Welcome to our Author Spotlight, where we shine a light on writers, authors, and literary wonders worldwide.
1. First, tell us a little about your book/project?
My newest book, which will be number nine for me, will be released on April 1st of this year. It's called "Lost April" and chronicles my journey through the first three months of the pandemic as I learned of friends who were dying of cancer and not expected to survive. I sacrificed everything to keep my household together while also spending as much time as possible with those I loved during the lockdown. I'm a survivor of human trafficking and that human connection with someone I care about is very important to me. I know better than most what it's like to be alone and frightened, knowing there's a good chance you won't survive even a little longer.
I have previously written about my life in a "micro-biographies" series and a full autobiography called Custom Justice, but I also have a post-apocalyptic science fiction series in the works. The third book in that series will be released on September 1st of this year. I'm excited to be able to move on to the next series (already in the works) but by this time next year, I'll have my very first cookbook published, too!
2. What kind of research did you do and how long do you spend researching before beginning a book?
With the micro biographies and my autobiography, there wasn't much research required, but I did actually do some research anyway. I wanted to know the statistics. Did you know that an estimated 2% of all human trafficking victims actually survive? I didn't until then. For the science fiction series, there was considerably more research involved. My favorite part of that was going to the Army Surplus stores in my area and looking at survival gear, as well as picking up old 1960s military survival handbooks. They're truly fascinating!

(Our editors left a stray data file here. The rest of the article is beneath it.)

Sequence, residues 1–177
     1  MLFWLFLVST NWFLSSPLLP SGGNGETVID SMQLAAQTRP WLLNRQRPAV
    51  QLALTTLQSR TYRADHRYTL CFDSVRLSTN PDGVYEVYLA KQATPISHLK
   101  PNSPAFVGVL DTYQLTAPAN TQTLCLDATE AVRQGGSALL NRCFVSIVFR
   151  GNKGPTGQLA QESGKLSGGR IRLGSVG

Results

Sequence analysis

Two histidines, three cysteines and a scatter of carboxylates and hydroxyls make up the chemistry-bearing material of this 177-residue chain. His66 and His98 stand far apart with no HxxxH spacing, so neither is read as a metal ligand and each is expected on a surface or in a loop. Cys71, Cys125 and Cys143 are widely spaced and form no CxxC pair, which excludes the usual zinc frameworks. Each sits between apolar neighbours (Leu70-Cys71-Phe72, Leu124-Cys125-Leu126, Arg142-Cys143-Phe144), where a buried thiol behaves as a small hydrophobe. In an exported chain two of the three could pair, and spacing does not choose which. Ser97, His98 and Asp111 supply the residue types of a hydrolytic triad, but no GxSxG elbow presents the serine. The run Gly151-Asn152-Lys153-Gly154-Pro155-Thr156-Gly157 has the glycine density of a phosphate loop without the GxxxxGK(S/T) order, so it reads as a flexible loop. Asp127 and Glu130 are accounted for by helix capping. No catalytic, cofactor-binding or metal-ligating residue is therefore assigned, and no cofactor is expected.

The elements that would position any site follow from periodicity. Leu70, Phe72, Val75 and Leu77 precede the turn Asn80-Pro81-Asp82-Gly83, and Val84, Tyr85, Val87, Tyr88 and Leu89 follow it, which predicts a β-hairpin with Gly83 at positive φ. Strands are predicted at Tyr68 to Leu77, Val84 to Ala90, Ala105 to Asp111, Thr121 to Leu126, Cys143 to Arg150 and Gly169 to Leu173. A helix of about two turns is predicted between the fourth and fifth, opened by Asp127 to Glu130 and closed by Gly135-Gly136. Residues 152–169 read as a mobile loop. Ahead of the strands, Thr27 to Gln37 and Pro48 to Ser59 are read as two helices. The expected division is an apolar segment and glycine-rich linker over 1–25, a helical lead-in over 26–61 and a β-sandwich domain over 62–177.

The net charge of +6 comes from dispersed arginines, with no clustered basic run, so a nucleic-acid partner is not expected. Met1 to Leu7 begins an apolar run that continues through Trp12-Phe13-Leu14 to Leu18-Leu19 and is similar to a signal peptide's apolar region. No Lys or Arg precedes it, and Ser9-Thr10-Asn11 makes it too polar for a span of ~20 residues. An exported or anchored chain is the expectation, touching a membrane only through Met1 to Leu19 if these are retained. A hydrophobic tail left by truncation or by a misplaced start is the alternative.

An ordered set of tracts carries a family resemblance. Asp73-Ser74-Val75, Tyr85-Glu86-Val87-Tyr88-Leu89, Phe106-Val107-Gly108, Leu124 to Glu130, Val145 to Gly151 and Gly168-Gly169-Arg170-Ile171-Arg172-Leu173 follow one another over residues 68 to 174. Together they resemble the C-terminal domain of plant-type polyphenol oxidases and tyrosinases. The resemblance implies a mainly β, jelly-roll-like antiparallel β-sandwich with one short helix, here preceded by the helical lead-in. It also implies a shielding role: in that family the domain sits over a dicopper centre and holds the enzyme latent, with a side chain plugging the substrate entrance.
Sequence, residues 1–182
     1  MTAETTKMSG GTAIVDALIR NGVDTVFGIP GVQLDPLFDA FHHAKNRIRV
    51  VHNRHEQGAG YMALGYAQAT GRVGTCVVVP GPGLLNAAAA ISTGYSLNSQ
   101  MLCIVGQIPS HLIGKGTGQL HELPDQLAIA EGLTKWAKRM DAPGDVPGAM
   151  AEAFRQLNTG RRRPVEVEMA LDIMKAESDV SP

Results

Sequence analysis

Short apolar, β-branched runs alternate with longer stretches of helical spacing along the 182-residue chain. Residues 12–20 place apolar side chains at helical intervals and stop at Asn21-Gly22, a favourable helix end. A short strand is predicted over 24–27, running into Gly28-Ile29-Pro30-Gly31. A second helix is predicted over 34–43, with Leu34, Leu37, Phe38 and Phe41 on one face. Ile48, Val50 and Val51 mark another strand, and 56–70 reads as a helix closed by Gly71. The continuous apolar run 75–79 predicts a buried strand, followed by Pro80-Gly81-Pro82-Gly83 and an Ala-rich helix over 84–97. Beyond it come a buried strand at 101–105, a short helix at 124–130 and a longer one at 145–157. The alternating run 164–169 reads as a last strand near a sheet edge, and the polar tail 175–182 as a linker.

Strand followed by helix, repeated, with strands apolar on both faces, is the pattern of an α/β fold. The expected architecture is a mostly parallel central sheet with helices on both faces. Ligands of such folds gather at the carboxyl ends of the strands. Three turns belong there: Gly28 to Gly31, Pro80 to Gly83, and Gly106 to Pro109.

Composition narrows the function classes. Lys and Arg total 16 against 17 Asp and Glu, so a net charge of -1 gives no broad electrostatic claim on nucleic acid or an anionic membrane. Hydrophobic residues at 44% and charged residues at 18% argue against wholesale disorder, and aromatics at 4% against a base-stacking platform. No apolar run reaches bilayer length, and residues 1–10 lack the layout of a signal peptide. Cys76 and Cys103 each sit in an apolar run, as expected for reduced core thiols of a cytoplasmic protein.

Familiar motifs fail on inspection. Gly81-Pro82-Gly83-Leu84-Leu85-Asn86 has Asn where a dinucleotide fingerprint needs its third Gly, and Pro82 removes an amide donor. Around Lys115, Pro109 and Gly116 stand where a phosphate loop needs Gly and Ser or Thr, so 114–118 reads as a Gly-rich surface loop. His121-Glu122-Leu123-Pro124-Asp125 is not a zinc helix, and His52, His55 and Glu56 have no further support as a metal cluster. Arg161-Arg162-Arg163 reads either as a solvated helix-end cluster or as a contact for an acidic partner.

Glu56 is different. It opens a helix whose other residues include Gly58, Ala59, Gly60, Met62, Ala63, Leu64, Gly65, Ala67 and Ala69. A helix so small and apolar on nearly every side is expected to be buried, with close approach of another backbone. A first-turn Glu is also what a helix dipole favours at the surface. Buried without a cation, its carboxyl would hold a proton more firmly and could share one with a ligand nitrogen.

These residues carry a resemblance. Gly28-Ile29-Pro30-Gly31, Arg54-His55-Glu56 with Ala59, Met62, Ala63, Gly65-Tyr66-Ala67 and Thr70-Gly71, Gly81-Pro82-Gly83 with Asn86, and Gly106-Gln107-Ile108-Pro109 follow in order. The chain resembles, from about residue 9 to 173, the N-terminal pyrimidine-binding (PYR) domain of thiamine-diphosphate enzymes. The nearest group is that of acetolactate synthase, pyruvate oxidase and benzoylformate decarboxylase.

3. If you could tell your younger writing self one thing, what would it be?
It doesn't matter who does or doesn't believe in you, so long as you believe in yourself. There will be challenges and obstacles that you will be convinced you won't survive, but writing about them will eventually save your life.
4. Can you tell us a bit about your writing space? Is there something you need to have when writing a book?
I'm so excited about this! My writing space is actually an entire room in the house all to myself. As of tomorrow, I will finally have the floor-to-ceiling enclosed display shelves lining the entire wall behind my classic antique-style cherrywood desk. Those display units will house some of my books and most of my 1940s antique collection of hats, handbags, gloves, shoes, writing utensils, books, a 1947 typewriter, jewelry, and more. I've collected this stuff since I used to be a museum guide at the Museum of Tolerance in Los Angeles, where I specialized in the holocaust exhibit. I wasn't just a guide. I was a part of the exhibit, always wearing my antiques each day I went there. It seemed to have a more profound effect on museum visitors that way. My writing space encompasses a little bit of every creative aspect of my life, including one of my own paintings, previously written about in the Chicago Tribune.
5. If you could be a character from any book for 24 hours, who would you be?
I would have to choose Sherlock Holmes. What a power it would be to have such keen observation skills and incredible intelligence, but what a burden it would be to carry that weight within one's head for a prolonged period of time. Plus, it wouldn't hurt to also have a greater understanding of the power within one's own silence when all the knowledge necessary to complete a task is at the tip of one's tongue.
You can also listen to Amanda's podcast here.